The first half of Dennis Johnson’s professional life was spent building bridges and towers. He’s devoted the second half to helping people build their future.

story and photos by Bobby Anderson, Staff Writer

Dennis Johnson spent the first half of his professional life working with his hands, building things that would stand the test of time.
“It’s hard to go up and down Interstate 95 and not cross a bridge I didn’t have a hand on,” Johnson says proudly.
But a shoulder injury would bring Johnson to a crossroads.
His days working with steel were over and he had to take a hard look at what his financial options were.
At a relatively young age Johnson was forced to deal with his 401k, the loss of his primary income as well as the only profession he had ever known.
It was overwhelming. And he knew it had to be the same for others.
So instead of self pity Johnson poured himself into the only thing he ever knew: figuring out a way to build something for others.
“I’ve been 1,200 feet in the air and pushed a hundred tons of iron around and I know what a hard day’s work is,” said Johnson, who absorbed everything he could get his hands on to become a self-taught financial advisor. “I’m a blue collar guy. I’ve always told my clients I know how hard it is to make a buck. I know how hard it is to swing a beater for eight hours just to get one pin in.”
Just like swinging that hammer, Johnson approached his new career with a laser focus. Registered designations, licenses and accolades followed.
The third-generation iron worker from Baltimore built a multimillion-dollar portfolio in Arizona before selling it all and moving to Oklahoma in 2014 with the intention to retire with his love Cathy Belzer.
Retirement did not suit Johnson at all. With plenty of time to do whatever he wanted he realized he missed taking care of people.
Johnson is a veritable Swiss Army knife when it comes to financial services work. His registered investment advisor license dates back more than 20 years. Along the way he’s picked up life and health insurance licenses and registered advisor status.
“I used them when a client needed them,” ” said Johnson, now an advisor at Tree Line Capital in Edmond. “I never made a big deal about pushing any of it.”
A friend, Robert Ford at Tree Line Capital, convinced him to join his burgeoning firm.
“Why don’t you come over here with me,’’ Johnson remembers hearing his friend say. “We’ll build something.”
Those were the magic words.
“I just want to help,” Johnson said. “Everybody needs a second opinion. That’s the guy I want to be. I’m really enjoying it. I’m having fun again and enjoying the business again.”
Johnson’s not the kind of guy you’ll find behind a desk all day wearing a suit and tie. You’re more apt to find him playing a round of golf or sitting down with buddies talking football.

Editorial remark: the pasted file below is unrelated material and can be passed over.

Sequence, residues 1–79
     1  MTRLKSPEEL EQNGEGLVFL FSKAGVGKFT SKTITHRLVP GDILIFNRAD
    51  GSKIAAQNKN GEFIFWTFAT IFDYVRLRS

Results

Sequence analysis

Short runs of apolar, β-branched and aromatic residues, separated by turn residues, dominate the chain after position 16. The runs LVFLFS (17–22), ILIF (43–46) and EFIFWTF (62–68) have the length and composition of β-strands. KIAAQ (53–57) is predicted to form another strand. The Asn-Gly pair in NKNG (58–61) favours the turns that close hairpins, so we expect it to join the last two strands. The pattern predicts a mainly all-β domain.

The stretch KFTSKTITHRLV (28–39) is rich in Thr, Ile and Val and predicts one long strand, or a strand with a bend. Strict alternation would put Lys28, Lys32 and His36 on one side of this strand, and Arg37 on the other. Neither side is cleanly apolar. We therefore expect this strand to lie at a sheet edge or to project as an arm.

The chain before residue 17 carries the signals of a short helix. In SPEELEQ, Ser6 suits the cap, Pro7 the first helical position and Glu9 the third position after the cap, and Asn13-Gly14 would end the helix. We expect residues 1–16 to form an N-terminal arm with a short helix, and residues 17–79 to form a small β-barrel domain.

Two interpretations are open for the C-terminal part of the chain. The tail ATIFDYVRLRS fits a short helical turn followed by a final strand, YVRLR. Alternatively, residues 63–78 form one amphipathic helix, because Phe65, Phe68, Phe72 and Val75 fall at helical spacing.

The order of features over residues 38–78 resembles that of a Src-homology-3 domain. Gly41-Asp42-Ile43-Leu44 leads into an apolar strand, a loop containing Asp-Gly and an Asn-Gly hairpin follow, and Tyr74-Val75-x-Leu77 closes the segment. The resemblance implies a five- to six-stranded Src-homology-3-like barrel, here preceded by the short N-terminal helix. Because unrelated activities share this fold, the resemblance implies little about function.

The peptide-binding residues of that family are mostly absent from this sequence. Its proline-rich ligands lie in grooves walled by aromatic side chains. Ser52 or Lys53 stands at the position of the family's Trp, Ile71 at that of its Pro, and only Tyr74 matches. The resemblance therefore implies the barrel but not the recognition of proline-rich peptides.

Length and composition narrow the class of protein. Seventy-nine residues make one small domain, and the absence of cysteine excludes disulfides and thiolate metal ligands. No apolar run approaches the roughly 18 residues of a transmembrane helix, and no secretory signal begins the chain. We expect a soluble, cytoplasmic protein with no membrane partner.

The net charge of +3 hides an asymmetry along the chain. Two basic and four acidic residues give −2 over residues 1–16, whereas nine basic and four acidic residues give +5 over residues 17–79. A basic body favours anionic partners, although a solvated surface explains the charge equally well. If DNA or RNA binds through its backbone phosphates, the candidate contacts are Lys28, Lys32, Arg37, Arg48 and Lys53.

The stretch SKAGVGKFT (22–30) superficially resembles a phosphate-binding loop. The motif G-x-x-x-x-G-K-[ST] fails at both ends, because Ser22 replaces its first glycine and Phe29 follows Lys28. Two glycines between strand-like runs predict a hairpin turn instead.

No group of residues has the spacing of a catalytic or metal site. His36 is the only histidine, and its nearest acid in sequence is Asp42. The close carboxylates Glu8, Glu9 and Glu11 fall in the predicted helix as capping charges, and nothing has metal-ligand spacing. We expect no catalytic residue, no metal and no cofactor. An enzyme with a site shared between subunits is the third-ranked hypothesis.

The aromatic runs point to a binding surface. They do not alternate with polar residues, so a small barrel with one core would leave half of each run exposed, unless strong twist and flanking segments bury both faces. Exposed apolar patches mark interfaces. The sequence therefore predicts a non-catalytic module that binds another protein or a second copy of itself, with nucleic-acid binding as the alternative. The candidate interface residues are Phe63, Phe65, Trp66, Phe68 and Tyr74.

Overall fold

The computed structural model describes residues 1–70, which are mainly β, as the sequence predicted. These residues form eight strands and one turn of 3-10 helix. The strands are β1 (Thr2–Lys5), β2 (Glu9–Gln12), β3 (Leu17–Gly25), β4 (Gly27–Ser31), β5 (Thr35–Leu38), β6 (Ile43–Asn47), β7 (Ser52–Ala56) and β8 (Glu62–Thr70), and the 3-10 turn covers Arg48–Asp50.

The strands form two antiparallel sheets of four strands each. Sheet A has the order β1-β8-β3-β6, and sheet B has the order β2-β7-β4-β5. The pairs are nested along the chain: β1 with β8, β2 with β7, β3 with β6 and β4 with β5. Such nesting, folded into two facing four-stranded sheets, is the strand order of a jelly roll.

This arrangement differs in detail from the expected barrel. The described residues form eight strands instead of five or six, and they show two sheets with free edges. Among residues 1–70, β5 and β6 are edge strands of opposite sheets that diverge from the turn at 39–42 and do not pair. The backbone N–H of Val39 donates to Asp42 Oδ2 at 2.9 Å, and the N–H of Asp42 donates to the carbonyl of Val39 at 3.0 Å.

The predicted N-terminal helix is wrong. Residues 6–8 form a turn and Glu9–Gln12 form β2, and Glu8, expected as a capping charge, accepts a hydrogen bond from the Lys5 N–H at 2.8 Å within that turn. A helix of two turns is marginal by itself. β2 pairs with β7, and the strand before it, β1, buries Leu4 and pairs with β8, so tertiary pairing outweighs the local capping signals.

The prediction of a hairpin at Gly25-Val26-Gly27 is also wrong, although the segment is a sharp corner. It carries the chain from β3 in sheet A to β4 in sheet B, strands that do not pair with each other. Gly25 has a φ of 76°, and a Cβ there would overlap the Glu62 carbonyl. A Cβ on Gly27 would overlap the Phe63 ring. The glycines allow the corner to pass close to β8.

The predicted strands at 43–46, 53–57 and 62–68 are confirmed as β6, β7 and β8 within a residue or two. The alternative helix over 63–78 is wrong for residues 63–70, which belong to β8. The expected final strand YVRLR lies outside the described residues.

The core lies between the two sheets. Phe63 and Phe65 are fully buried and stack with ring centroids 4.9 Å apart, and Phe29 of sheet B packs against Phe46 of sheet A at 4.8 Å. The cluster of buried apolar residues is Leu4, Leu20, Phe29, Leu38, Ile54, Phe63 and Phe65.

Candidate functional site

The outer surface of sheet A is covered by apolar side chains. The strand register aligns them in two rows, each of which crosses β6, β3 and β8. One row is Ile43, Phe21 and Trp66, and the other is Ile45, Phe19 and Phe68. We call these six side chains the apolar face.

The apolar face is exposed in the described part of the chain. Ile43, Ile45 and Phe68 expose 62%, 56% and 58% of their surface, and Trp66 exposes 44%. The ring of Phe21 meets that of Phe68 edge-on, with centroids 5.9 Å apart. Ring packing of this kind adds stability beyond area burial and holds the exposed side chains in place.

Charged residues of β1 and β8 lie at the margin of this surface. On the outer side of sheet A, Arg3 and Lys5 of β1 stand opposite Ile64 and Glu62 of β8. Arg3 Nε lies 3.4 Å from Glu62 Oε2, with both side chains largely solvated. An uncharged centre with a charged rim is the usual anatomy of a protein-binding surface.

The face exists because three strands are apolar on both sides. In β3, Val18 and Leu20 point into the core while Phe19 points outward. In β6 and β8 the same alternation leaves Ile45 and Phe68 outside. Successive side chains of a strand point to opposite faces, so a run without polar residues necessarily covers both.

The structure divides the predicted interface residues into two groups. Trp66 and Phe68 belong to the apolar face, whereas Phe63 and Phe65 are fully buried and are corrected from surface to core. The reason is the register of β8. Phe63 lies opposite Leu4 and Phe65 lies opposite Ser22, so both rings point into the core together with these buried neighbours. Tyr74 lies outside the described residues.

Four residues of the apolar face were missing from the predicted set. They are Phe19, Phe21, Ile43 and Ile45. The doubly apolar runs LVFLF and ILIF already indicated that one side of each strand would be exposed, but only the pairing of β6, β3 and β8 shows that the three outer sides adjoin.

There’s an ease about Johnson that goes with his blue-collar roots and his genuine desire to help people.
So it’s no surprise people gravitate toward him.
Today’s financial services industry is filled with fresh-faced, college graduates begging to take a crack at people’s portfolios.
Johnson has had individual clients longer than most of those new advisors have been alive.
Some clients Johnson will never let go, or more precisely, they won’t let him go.
“I have a client who is 93 years old and it feels so good because she tells everybody ‘If it wasn’t for (Dennis) I never would have made it,’” Johnson said. “We started with a relatively small amount of money and she’s lived and lived well for 25 years now and she’s still going.
“I have so many clients like that.”
Johnson relishes the fact that his clients see hard work pay off.
“In the beginning you don’t see that,” Johnson said. “The first five six or 10 years you’re building clients. But after they’re with you and you know them and you see (everything) … it’s so satisfying to have their children come up. When every month that checks shows up in their mailbox and you know you’re the guy that put it together that’s a great feeling.”
He even helped his partner get her insurance license after 30 years working in health care.
Belzer and Johnson are gearing up for their busy season.
Enrollment for Medicare Advantage begins this month.
Medicare Advantage enrollment has increased in virtually all states over the past year. Almost one in three people on Medicare (31% or 17.6 million beneficiaries) is enrolled in a Medicare Advantage plan in 2016.
Plans like these are just one piece of the puzzle that Johnson and Belzer work on for people every day.
“I’ve always had to have a plan and I’ve always had to be organized,” he says.
“You need somebody who is a team, who wants to listen to you and find out about your family and your kids.“
And, most importantly, you need someone who knows how to build something that will stand the test of time.